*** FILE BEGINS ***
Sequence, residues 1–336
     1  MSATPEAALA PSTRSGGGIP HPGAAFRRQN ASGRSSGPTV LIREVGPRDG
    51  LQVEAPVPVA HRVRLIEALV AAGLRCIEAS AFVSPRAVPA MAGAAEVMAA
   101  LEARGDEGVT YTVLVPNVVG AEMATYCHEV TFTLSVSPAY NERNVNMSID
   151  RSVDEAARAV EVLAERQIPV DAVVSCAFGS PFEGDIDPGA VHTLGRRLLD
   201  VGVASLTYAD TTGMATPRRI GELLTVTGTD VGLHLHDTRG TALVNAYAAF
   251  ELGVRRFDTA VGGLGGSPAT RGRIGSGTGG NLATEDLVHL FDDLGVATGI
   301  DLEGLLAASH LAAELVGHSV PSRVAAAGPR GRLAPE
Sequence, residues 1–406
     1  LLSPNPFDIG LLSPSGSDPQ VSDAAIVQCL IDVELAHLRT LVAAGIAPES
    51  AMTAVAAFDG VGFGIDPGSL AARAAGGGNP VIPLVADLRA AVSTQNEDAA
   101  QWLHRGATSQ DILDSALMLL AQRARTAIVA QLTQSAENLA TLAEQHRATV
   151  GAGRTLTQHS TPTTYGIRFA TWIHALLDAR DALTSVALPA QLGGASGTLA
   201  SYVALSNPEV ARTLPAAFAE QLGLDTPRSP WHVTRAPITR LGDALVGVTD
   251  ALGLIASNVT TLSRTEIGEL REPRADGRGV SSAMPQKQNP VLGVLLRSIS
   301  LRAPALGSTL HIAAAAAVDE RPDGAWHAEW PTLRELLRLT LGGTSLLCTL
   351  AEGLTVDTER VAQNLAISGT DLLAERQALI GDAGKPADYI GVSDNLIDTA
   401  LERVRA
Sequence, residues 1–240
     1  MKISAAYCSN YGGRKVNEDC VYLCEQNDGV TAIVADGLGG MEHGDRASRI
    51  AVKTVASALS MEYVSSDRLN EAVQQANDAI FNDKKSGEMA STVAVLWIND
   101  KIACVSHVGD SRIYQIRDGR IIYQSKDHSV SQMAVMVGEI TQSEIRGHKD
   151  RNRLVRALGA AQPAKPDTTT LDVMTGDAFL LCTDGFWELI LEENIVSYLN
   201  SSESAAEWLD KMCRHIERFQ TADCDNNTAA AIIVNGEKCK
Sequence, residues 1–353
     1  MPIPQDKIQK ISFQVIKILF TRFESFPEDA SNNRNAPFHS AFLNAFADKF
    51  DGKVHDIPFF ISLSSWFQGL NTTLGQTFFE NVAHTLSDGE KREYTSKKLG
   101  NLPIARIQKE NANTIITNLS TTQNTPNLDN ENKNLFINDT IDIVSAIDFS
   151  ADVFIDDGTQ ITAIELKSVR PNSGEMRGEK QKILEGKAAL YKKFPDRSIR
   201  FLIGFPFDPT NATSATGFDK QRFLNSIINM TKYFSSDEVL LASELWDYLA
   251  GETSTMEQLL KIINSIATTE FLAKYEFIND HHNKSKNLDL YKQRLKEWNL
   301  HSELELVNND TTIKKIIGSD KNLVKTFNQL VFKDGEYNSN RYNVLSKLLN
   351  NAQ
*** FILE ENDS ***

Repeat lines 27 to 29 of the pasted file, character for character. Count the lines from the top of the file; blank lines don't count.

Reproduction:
    51  DGKVHDIPFF ISLSSWFQGL NTTLGQTFFE NVAHTLSDGE KREYTSKKLG
   101  NLPIARIQKE NANTIITNLS TTQNTPNLDN ENKNLFINDT IDIVSAIDFS
   151  ADVFIDDGTQ ITAIELKSVR PNSGEMRGEK QKILEGKAAL YKKFPDRSIR